The way a lot of those work is that they build up the stuff that looks like say a pulldown menu, but then set the class such that the stuff is not visible. When you do something (like click-on or mouseover) to the top of the pulldown, it changes the class to one that is rendered visible by CSS. Often they use something called a psuedo-class that is triggered by the mouse being over the item, so once the menu is displayed, it stays displayed as long as the mouse is over it.
Automating these can be particularly tricky because webdriver does not move the actual mouse pointer around to create mouseover or hover events. So you can do something to cause a menu to display, like clicking at the top of the menu, but then very rapidly the browser can detect that the mouse is not over the thing, and boom, it's hidden again.
By design, pretty much anything using webdriver to drive the browser (watir-webdriver, Selenium, Capybara) will not click or interact with an element that is not 'present' from the perspective of the user (which is to say visible and enabled). Normally this is good, if the user could not click it, then why should the automation tool get to click it? This is likely the source of the 'not visible' message, that's webdriver saying 'hey I can find this thing in the DOM, but it's not visible for the user, so you don't get to click it.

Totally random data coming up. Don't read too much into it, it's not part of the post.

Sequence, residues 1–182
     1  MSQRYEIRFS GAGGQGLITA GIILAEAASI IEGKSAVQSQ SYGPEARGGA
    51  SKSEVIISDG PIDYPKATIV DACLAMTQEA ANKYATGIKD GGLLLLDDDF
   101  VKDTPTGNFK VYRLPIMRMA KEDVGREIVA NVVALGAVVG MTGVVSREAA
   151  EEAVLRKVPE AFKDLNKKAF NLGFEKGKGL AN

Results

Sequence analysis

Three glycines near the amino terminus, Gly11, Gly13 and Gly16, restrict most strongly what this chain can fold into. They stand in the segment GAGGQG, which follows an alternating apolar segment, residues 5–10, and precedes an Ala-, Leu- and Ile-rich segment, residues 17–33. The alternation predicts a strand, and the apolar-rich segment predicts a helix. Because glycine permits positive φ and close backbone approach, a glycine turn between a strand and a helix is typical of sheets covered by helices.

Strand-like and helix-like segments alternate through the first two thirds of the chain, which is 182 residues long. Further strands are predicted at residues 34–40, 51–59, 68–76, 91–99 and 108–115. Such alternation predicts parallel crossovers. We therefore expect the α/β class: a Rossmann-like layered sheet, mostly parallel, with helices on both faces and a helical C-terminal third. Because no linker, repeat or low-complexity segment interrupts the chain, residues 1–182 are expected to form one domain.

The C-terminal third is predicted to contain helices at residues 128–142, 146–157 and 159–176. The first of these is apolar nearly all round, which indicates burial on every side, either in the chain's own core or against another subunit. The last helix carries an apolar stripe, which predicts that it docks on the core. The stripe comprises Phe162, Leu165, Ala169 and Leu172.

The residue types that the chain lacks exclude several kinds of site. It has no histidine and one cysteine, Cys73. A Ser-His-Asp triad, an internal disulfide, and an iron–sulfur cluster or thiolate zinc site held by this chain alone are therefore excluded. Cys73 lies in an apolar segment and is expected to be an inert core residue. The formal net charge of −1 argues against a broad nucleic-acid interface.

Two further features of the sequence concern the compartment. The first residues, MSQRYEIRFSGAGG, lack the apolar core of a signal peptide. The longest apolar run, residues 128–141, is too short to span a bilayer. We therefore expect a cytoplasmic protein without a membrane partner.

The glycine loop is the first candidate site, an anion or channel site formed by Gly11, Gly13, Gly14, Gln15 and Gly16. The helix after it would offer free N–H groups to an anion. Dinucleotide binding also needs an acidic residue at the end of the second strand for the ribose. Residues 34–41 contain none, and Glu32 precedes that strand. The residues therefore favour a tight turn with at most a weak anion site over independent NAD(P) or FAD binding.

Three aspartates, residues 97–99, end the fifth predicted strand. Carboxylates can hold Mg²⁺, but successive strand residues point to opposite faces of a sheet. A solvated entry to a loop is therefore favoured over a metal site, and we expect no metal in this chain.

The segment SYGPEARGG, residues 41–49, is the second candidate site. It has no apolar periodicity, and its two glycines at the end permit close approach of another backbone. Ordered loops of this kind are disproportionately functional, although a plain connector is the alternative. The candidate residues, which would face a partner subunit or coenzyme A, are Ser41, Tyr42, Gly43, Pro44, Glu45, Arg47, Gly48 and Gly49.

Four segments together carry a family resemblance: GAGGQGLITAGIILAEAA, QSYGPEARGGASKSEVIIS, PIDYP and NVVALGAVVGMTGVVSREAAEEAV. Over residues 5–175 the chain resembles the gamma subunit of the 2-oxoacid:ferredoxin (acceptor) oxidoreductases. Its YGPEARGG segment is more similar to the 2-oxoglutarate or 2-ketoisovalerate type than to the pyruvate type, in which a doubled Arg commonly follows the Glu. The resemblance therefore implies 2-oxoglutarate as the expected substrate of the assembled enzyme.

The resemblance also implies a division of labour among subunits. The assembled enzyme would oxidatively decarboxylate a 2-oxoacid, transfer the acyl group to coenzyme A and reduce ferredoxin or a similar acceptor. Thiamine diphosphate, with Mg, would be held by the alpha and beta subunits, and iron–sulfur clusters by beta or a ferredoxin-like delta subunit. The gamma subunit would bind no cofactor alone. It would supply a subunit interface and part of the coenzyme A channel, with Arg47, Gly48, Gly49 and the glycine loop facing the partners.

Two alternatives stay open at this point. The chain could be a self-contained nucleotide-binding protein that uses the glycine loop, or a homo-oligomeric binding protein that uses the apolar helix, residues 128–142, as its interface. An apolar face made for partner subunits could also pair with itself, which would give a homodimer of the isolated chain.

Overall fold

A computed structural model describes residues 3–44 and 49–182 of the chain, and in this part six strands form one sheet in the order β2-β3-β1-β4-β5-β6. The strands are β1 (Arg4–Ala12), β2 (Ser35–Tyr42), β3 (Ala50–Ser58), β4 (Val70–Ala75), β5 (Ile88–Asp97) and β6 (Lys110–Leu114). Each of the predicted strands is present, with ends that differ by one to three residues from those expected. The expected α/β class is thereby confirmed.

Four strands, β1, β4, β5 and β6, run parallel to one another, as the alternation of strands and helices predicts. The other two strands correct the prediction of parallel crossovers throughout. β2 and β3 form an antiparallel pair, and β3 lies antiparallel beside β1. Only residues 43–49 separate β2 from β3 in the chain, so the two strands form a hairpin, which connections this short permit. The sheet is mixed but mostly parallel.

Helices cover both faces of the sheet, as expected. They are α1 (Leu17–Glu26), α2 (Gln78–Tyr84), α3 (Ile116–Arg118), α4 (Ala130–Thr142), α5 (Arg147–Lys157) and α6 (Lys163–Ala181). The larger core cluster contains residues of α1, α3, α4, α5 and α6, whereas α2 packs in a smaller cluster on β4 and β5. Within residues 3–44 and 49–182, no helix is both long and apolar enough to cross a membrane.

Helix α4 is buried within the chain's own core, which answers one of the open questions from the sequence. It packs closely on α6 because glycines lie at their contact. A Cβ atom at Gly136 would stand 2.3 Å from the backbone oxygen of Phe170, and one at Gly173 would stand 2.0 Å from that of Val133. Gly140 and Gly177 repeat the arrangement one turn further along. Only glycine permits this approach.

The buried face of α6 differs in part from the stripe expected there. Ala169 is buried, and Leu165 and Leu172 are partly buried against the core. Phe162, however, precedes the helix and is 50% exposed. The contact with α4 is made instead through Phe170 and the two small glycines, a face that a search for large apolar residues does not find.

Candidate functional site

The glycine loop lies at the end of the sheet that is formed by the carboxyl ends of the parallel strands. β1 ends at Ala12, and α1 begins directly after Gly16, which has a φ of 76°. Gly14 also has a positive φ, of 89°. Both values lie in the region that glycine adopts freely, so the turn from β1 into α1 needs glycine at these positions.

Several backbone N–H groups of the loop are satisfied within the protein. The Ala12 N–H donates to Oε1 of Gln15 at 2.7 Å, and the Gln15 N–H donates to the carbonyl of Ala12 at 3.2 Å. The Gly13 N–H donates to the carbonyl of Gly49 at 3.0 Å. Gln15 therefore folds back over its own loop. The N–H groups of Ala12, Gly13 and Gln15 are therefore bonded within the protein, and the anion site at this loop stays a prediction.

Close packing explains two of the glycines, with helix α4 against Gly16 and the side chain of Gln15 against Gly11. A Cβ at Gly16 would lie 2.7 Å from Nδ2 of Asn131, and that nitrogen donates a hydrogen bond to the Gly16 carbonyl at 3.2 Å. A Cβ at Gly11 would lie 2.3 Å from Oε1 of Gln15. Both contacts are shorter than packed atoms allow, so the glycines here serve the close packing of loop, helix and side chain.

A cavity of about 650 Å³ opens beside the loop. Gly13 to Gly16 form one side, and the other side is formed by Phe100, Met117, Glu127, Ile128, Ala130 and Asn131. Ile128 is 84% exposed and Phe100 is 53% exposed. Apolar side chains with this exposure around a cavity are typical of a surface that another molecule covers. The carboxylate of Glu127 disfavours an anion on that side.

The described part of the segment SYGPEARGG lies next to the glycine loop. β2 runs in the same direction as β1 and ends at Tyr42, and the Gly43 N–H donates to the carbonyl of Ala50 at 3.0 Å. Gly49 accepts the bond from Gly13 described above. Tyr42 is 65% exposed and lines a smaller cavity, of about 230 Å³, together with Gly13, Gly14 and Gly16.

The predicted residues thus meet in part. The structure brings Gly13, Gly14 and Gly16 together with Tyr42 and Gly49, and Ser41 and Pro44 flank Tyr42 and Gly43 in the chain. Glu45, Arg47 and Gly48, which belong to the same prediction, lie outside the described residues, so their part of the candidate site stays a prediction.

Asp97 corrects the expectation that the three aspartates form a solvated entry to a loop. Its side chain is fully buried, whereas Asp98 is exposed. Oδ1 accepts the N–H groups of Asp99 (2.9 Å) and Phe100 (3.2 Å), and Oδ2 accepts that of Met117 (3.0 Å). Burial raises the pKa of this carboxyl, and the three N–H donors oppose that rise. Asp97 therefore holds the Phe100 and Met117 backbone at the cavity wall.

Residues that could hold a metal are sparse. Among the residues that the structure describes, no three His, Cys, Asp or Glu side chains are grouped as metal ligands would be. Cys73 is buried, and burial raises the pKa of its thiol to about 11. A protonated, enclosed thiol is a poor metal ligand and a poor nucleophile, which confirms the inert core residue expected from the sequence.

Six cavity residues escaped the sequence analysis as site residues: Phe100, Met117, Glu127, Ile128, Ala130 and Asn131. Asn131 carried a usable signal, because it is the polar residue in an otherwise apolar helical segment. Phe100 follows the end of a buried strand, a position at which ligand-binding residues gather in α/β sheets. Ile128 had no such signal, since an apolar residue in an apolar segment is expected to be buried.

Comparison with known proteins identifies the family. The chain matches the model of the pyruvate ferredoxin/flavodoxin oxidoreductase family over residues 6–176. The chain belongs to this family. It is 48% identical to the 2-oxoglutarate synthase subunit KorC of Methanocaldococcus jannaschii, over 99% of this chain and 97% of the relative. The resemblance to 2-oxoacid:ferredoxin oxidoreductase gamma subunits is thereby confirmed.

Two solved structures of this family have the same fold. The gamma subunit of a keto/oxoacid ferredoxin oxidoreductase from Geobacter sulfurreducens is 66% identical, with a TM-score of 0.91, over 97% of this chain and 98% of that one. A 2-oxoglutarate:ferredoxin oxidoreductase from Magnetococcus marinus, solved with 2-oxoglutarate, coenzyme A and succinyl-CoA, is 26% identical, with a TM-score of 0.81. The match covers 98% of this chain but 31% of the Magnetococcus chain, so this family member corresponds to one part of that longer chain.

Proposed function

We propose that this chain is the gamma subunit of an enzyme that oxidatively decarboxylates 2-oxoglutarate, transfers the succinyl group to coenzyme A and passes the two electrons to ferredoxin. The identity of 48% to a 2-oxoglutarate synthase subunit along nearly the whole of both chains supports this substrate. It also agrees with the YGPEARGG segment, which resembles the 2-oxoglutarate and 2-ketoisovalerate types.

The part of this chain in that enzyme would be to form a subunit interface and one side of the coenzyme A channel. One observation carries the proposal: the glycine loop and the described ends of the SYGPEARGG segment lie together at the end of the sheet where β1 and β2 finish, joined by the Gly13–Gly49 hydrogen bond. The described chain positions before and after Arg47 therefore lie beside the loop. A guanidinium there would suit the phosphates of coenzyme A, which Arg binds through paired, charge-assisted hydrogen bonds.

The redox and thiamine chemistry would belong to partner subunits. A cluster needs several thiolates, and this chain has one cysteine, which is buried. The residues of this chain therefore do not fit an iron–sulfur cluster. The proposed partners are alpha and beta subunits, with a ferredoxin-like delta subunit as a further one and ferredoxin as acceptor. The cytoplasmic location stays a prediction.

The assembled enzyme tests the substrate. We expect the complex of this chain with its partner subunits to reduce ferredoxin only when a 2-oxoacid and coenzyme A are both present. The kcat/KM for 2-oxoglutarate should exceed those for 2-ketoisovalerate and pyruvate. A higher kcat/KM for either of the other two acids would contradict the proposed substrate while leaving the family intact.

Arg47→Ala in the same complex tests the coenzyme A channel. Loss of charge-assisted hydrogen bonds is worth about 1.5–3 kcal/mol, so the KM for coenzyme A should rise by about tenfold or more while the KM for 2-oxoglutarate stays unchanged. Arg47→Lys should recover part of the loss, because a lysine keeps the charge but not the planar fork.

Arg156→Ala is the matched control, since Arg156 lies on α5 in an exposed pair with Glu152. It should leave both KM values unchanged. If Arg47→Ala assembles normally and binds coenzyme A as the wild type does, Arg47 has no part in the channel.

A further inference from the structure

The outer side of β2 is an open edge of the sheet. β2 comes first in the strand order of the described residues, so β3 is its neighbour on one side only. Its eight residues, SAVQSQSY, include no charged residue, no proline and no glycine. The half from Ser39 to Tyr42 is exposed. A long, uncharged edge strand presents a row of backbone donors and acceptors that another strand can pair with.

I usually troubleshoot such pages from IRB, firing in the watir-webdriver commands that I think would make the menu appear, followed by the one to click the element.. If you can get that to work, then likely it will work at scripting speed.
Sometimes you need to use the 'when present' decorator, if for example something will become visible or come into being as a result of an earlier action, and you don't want to try to interact with it too soon.
browser.span(:text => "Customer").when_present.click
That's a little more elegant than @TrinitronX's suggestion, but is basically the same thing
That approach won't help you however if the problem is that the element appears and disappears between one line of code being executed and the next line of code, e.g. if it goes away too fast.
Without seeing the site itself, or a sample site that has the same control on it, it's sometimes hard to know what the best solution will be for manipulating the element